Collaborative Arts Festival closes with Schumann and Brahms for all

Mon Sep 15, 2014 at 7:13 am

By John Y. Lawrence

Nicholas Phan presented the final ensemble program of the Collaborative Arts Festival Sunday at the Logan Center.
Nicholas Phan presented the final ensemble program of the Collaborative Arts Festival Sunday at the Logan Center.

In his remarks to the audience during Sunday afternoon’s concert at the Logan Center for the Arts, Nicholas Phan—the artistic director of the Collaborative Arts Institute of Chicago—emphasized two things: the music’s reflection of the intertwined personal lives of Johannes Brahms and the Schumann family; and Phan’s gratitude towards the colleagues who came together to mount the Collaborative Works Festival, of which this concert was the conclusion.

The cozy picture Phan conjured of friends gathering in the drawing room felt entirely consonant with the spirit of the afternoon’s concert.

After a performance of Schumann’s brief “Bei Schenkung eines Flügels” to set the scene, the two main items on the program were Schumann’s Spanische Liebeslieder and Brahms’s first set of Liebeslieder (Op. 52). The former cycle inspired the latter, and both employ the same forces: four singers and two pianists. The singers for this concert were Susanna Phillips, Kelly O’Connor, Joshua Hopkins, and Phan. The pianists were Myra Huang and Nicholas Hutchinson who serves as a codirector of the institute.

The piano parts for both of these pieces are replete with thick textures and syncopated figures that can make for tricky coordination between the two players. Though Huang and Hutchinson avoided any collisions or missteps, their playing sounded slightly uncomfortable, as if the music were not quite in their fingers. In the best performances of these pieces, Schumann’s Spanish-inflected rhythms have a snap to them and Brahms’s waltzes have a lilting charm, both of which seemed lacking in their performance of the more energetic moments. The pianists fared best in the more lyrical selections—such as “Flütenreicher Ebro” from the Schumann—which were nicely shaped.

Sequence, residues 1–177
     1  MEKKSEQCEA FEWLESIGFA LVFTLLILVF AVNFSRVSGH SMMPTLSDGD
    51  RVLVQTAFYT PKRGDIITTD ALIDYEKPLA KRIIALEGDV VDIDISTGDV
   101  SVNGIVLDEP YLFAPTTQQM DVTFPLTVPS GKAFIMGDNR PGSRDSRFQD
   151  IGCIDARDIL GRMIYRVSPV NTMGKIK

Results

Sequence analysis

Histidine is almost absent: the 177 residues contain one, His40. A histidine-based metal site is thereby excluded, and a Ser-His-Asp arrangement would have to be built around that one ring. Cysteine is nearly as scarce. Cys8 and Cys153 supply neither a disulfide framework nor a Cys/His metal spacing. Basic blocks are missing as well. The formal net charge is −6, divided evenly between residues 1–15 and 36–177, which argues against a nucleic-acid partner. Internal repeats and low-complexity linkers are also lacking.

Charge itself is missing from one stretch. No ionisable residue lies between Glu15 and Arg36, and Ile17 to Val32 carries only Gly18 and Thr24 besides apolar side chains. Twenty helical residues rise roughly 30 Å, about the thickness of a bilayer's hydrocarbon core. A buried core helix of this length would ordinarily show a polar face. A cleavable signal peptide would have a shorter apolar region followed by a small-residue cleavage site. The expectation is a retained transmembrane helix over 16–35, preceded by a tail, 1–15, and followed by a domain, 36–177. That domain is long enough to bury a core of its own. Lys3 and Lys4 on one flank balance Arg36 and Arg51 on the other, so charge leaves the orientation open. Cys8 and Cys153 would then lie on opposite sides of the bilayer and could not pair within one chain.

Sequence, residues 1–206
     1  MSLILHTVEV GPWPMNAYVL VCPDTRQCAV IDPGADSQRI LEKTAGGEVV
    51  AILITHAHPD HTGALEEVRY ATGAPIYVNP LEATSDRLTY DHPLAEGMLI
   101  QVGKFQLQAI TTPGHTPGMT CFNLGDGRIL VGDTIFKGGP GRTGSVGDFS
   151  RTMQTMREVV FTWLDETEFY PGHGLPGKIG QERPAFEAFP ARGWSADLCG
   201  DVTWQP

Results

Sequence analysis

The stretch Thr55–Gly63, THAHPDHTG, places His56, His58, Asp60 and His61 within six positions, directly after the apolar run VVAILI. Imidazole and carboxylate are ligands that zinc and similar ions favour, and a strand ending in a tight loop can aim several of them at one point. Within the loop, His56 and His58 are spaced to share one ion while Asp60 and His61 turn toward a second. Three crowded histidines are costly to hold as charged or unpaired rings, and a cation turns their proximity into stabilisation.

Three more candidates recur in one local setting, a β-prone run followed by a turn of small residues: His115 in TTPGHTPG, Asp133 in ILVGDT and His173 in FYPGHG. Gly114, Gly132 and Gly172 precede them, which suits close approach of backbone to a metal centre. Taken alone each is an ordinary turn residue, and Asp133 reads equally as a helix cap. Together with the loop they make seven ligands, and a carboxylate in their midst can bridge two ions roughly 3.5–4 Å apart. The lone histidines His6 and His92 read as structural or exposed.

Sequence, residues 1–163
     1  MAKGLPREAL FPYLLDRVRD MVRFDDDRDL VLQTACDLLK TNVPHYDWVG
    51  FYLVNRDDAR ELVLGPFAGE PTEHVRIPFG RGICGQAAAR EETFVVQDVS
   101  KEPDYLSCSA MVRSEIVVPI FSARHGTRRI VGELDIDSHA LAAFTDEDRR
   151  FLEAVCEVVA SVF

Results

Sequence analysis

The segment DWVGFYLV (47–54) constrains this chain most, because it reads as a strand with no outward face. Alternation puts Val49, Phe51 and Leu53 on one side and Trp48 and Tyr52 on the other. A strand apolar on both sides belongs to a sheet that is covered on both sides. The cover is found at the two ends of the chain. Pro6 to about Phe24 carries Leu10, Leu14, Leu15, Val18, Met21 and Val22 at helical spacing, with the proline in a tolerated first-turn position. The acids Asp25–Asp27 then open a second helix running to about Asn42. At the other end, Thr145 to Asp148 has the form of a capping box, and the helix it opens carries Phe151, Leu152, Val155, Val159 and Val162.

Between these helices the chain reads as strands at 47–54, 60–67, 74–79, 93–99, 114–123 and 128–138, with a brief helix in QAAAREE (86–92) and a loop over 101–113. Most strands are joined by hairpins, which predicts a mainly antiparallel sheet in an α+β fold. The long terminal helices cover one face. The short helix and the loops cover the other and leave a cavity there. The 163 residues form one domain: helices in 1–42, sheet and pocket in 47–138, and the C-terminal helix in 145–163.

The quartet of singers had no such difficulties with characterization, and all of them took fine solo turns. Particularly charming were Phan’s “Blaue Augen hat das Mädchen” in the Schumann (delivered almost as if spoken rather than sung) and O’Connor’s melancholic “Wohl schön bewandt” in the Brahms.

The singers’ finest moments were in the ensemble numbers. The contrasts between the tranquil outer section and the emphatic inner section of “Am Donaustrande” were beautifully judged. It was in exchanged smiling glances, well-modulated group dynamic shifts, and carefully dovetailed phrases that the image of domestic harmony and a sense of the singers’ own mutual enjoyment resonated most effectively.

This short program of music featured extensive spoken remarks on the background of the pieces, delivered by Nicholas Phan, which were engagingly delivered yet tended to duplicate much of the information contained within the program notes.

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